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COVID-19 vaccination – still a distant dream: A tale of Bihar


“We are very worried about the COVID-19 vaccine as we see people falling sick after they took the shot”, said Rupa Devi, a mother of three young children who lives in Bhagalpur Ushari village of Manpur Block in Gaya District. The village portrays extreme remoteness where majority of the people are landless workers and are from Mahadalit community.

Like Rupa Devi, many of the villagers have some or the other reasons for COVID-19 vaccine hesitancy. And the perspective is similar across a large section of the population, particularly in rural areas of Bihar, who are still to be convinced to go for COVID-19 vaccine.

Certainly there are reasons why these people think in that way. Despite all efforts of the Government and after more than six months of launching the COVID-19 vaccine in India, vaccine hesitancy has remained one of the major challenges in Bihar. Scientists warned it well in advance indicating the underlying suspicion about vaccines among segments of the population and
mistrust of the government’s pandemic response.

The Government of Bihar has undertaken various measures to address the gaps. Mobile vans have been introduced which reach out to the communities for vaccination. However, quite often people are not aware about it’s schedule, making it ineffective to a large extent.
In some cases, where people are familiarised to get the vaccine through community meetings and public announcements, they often find it difficult to access it. Effective and planned supply of the vaccines at the last mile has remained a gap that also has negatively impacted the psyche of people. The confusion of the two types of vaccines, the gap between the two doses and their availability further add to the perplexity of the common people.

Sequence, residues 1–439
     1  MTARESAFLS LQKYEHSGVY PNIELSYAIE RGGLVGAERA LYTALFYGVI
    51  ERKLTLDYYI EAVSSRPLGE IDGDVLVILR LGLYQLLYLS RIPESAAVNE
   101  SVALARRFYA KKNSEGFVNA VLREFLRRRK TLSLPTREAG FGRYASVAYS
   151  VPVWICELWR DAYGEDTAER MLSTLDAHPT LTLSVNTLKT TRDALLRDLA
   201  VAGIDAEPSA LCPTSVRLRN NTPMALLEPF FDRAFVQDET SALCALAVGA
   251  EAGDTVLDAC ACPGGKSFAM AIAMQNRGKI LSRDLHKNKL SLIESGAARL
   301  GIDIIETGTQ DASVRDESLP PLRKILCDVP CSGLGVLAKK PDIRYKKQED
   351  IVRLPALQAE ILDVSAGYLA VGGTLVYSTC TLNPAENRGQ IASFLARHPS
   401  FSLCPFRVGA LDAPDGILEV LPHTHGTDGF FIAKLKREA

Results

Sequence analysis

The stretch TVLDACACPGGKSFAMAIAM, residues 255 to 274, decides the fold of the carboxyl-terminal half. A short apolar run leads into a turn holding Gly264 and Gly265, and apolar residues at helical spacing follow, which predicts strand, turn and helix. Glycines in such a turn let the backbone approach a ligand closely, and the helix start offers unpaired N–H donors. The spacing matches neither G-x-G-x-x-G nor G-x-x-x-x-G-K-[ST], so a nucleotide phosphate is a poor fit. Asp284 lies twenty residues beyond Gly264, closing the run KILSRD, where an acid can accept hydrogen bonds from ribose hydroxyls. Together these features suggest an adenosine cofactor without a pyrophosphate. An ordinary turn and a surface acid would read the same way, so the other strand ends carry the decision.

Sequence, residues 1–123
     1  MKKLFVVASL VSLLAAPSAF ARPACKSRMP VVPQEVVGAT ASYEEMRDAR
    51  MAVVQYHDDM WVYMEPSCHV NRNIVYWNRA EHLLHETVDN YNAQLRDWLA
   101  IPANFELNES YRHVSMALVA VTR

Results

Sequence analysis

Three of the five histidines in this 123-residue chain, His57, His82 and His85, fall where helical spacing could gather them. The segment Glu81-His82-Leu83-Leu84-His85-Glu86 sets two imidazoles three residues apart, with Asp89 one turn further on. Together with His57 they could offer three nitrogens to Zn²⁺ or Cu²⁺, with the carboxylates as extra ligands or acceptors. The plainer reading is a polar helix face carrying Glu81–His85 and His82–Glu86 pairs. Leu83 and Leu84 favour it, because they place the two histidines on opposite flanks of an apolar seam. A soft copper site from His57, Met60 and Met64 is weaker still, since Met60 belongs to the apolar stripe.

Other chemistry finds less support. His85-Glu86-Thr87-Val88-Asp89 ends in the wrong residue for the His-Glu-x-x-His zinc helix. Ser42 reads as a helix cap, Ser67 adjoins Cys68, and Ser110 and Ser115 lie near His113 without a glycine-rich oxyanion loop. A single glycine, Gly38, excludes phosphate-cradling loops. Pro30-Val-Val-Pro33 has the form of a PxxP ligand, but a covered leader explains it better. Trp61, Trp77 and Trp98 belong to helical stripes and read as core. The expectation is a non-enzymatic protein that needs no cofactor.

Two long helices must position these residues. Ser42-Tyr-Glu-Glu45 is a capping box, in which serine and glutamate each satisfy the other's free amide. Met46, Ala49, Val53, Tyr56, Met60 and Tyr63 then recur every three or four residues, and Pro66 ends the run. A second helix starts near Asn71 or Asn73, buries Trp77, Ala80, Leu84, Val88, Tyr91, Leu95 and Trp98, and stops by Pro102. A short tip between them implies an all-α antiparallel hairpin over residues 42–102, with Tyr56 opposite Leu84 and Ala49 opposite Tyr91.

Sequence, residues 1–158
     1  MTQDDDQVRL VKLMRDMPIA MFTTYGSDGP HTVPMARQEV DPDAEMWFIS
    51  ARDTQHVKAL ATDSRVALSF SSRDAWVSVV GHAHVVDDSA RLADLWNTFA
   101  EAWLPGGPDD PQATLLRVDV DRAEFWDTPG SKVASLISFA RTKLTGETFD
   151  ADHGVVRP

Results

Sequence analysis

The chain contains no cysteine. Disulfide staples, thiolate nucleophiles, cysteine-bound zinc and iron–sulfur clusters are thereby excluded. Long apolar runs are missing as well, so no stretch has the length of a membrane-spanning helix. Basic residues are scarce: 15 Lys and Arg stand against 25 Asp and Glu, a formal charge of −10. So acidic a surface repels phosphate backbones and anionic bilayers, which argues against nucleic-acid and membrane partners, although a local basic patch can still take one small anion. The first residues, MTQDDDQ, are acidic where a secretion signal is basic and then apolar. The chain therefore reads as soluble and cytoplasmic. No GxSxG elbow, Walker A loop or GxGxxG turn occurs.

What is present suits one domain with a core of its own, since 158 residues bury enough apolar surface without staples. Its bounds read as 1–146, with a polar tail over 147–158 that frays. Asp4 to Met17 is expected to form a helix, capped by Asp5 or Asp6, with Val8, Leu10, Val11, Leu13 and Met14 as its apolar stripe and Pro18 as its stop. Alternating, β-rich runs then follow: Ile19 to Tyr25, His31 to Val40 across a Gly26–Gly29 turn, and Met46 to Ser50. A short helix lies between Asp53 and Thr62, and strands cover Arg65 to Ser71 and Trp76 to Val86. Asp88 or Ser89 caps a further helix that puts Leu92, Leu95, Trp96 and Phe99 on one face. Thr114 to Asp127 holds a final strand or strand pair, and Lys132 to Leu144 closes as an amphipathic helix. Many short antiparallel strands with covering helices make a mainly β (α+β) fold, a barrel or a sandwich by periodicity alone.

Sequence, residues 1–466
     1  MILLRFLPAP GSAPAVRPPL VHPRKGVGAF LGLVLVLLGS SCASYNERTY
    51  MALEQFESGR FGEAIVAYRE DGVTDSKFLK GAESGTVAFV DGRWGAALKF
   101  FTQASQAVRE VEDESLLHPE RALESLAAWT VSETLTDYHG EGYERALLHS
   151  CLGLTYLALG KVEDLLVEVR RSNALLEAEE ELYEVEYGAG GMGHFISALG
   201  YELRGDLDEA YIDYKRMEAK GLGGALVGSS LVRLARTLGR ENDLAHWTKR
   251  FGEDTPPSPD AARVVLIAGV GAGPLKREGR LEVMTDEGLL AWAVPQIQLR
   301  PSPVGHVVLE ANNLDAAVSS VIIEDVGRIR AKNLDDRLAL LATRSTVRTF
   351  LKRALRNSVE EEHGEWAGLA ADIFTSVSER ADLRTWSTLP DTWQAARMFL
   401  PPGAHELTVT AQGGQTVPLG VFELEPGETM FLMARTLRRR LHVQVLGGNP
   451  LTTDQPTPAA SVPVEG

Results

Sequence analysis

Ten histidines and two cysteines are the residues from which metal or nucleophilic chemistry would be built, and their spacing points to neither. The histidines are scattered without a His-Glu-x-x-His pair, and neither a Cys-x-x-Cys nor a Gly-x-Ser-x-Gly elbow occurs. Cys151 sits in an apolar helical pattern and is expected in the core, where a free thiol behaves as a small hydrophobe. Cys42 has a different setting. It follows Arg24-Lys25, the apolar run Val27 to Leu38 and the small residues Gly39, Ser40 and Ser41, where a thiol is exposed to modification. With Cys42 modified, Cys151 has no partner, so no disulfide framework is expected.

There are instances where people were turned down by vaccination centres for not possessing or producing Aadhaar Cards. It was also observed that people even missed out mobile messages for the second dose. Online booking of slots has been even a greater challenge due to the poor internet connectivity, difficulty in managing digital mode and also non-availability slots
as per choice.

The bafflement increases many fold with the misconceptions of the people, be it negative impact on health, increase infertility or disrupt the menstrual cycle. The interplay of caste and class has also broadened the gaps where evidently, the marginal communities get excluded or considered low in the priority. Typically, the women from some of the scheduled communities especially in remote areas far away from the coverage of the vaccination drive. This is a reality that the needs of women are still not considered in certain communities. All these have resulted in slow progress in the rate of vaccination in Bihar.

The State Government has started a vigorous publicity campaign, roping in various stakeholders and religious leaders, to create awareness among the people. It is also planning to start an information campaign to make people understand the importance of getting vaccinated. There is an increasing realization that vaccine hesitancy should be addressed through focussed communications on vaccine’s benefits, dispel misconceptions
and identify channels and platforms for messaging. It is vital to understand how people make decisions related to vaccination in order to create vaccination programs and roll-outs that encourage more people to get vaccinated. While awareness campaigns have been held in different areas assuring them about the safety of the vaccines no one is ready to believe.

A multi sectoral Approach along with Government and other development partners is very much needed to improve the vaccination coverage along with a strong communication strategy to address demand and supply sides.

Even though vaccination has proven to be effective time and time again, it needs to overcome a number of challenges including low uptake, social stigma and lack of accurate information in order to work. And until the women and men in the last mile get the information clear and have access to the services without any discrimination and challenge, the vaccination mission will remain and unfinished agenda.


Debashmita Bhaumik, Chittapriyo Sadhu

(The authors are working with Save the Children.)

Collection: Raj Kumar

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